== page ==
Pretty much any genre in YA and beyond can have romantic relationships in them. These relationships might start from friendships—this could be part of the story you’re trying to tell or could be part of backstory that’s not much touched on—but they have a level of intimacy that differs from what’s found in friendship and platonic love. Things to consider for your MC and any romantic relationships they may be in are what stage of the relationship are they in (i.e. beginning vs. have been in it for a while will look different)? Is this a positive relationship or negative? Is your character actively trying to get out of the relationship? Have they fallen out of love with their current partner? If so, they may want to fall back into love and they’ll either fail or succeed. Is this an on-again, off-again relationship? Will your story have a happily ever after?
Professional relationships are exactly what they sound like. They’re the people your MC works with or, for younger MCs, who they go to school with. Professional relationships aren’t only for the contemporary stories—the Fellowship of the Ring didn’t start out with everyone as friends. They were colleagues first! Just like the other relationship types, professional ones can be positive or negative. Positive ones could lead to work friendships or the school friends your MC only hangs out with while at school. Negative ones can be another avenue of potential stress and tension on your MC. Do they hate their boss? What about a particular co-worker who is always on them about something, or a bully in the school?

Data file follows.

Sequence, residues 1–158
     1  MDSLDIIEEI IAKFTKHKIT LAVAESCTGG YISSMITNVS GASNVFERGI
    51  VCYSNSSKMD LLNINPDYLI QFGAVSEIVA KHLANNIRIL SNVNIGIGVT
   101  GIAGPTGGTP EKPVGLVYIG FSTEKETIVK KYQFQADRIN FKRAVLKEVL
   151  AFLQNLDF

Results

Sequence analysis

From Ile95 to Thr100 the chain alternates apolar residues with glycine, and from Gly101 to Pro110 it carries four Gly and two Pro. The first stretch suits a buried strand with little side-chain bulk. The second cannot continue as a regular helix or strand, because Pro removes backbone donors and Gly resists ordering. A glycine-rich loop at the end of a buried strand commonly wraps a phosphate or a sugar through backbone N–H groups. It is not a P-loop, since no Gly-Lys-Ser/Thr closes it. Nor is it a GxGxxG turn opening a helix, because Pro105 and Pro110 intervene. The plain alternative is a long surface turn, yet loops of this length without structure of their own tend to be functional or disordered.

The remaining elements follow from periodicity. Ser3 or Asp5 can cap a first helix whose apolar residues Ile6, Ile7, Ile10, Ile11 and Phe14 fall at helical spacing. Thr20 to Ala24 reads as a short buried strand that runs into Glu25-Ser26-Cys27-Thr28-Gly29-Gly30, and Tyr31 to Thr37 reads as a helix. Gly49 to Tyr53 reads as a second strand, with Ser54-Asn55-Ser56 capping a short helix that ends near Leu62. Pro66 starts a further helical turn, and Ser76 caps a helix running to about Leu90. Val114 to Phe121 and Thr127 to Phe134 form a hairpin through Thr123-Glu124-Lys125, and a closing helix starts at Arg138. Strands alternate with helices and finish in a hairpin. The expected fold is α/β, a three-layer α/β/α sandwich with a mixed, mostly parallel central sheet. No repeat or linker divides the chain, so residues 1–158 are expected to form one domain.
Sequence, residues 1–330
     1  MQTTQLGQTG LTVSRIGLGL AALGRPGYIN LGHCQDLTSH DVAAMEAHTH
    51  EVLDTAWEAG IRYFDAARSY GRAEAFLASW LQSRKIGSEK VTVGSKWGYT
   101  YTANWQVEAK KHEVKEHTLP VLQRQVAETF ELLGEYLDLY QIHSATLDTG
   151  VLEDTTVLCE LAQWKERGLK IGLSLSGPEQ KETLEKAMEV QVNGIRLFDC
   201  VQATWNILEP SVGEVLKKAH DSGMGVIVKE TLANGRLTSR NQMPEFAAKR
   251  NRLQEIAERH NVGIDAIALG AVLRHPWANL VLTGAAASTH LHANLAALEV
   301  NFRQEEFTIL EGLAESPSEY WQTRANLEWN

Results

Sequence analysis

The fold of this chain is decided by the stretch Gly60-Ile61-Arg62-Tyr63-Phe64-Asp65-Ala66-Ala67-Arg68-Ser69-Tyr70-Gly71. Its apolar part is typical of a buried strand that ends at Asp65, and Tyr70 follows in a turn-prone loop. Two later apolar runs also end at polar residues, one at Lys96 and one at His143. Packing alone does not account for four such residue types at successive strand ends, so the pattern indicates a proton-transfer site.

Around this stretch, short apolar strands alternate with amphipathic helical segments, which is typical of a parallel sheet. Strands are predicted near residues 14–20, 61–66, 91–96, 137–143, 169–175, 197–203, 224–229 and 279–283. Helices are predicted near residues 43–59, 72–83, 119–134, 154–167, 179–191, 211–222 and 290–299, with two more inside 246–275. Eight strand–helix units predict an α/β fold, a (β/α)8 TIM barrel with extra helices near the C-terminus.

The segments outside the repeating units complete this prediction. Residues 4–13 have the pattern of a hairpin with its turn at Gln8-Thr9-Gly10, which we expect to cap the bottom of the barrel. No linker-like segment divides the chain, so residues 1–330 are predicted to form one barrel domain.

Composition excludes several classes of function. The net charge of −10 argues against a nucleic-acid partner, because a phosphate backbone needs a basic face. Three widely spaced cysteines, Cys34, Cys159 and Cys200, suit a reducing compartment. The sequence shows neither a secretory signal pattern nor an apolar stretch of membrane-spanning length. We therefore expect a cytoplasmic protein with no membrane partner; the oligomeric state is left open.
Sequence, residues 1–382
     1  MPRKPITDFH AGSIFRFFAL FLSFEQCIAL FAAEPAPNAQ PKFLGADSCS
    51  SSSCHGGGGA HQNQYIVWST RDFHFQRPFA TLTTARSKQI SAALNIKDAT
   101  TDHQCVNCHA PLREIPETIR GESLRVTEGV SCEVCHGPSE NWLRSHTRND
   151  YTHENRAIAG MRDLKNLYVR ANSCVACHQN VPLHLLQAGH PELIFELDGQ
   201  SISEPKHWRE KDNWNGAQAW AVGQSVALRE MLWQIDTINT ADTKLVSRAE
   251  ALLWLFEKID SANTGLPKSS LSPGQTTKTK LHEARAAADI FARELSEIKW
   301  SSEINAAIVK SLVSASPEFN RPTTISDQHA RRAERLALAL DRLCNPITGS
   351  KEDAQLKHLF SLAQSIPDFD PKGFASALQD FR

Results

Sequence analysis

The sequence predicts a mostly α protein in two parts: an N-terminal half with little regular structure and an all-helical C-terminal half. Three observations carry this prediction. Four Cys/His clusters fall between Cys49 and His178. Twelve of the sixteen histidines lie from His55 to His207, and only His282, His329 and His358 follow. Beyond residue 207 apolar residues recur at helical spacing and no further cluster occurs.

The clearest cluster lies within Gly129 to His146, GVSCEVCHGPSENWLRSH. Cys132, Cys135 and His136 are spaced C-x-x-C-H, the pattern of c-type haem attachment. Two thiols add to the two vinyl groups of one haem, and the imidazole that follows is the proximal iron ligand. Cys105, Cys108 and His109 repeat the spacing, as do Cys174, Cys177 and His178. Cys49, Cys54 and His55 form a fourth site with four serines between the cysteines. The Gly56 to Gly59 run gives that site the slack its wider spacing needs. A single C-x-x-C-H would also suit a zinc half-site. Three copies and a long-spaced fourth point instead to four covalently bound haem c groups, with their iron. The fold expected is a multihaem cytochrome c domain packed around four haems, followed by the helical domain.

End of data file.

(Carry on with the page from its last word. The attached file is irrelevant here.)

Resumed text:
Okay! Onto ways that you can fold relationships into your story:
Like in real life, your MC may face a change or loss of an important relationship, whether it is through death, broken trust, or conflict, it leaves a mark on the MC. If we’re seeing the change or loss as part of the story, this could be a major point of tension or even a major beat in the story. If it’s something that happened before the story, it could be a wound impacting the character. That said, some relationships may change within the story. It can be one that’s an ultimate change for the better that results in a stronger relationship between the MC and the secondary character.
Alright, let’s talk wounds, and how negative relationships can lead to said wounds. Often characters have some kind of wound they’re working toward overcoming (whether or not they succeed is for a different month’s tips!). Examples of relationship-specific wounds include neglect or abuse in childhood by family, divorce, extramarital affairs, toxic relationships, and such forth—many of these lead to false beliefs about oneself (i.e. “I am unlovable” or “I am a bad person because…”), mistrust in others that may extend to the belief that people are only out there to use you, or even an eager need to please others for acceptance.
Just as there can be negative relationships, there are also positive relationships. Positive relationships can help foster resilience in your character because they will have someone to lean on. They can also challenge your MC (in a good way) around their false beliefs about themselves. Many stories of character growth and change have a positive person who lifts the MC up or who is always there to go to bat for the MC.
Last month we shared tips on Spooky Atmospheres and Moods. Please check them out on Twitter (@FromCarly) or Instagram (@BookLightEditorial)!
Next month’s theme is Pros and Cons of Points of View (POV). Tune into Instagram and Twitter. See you in December!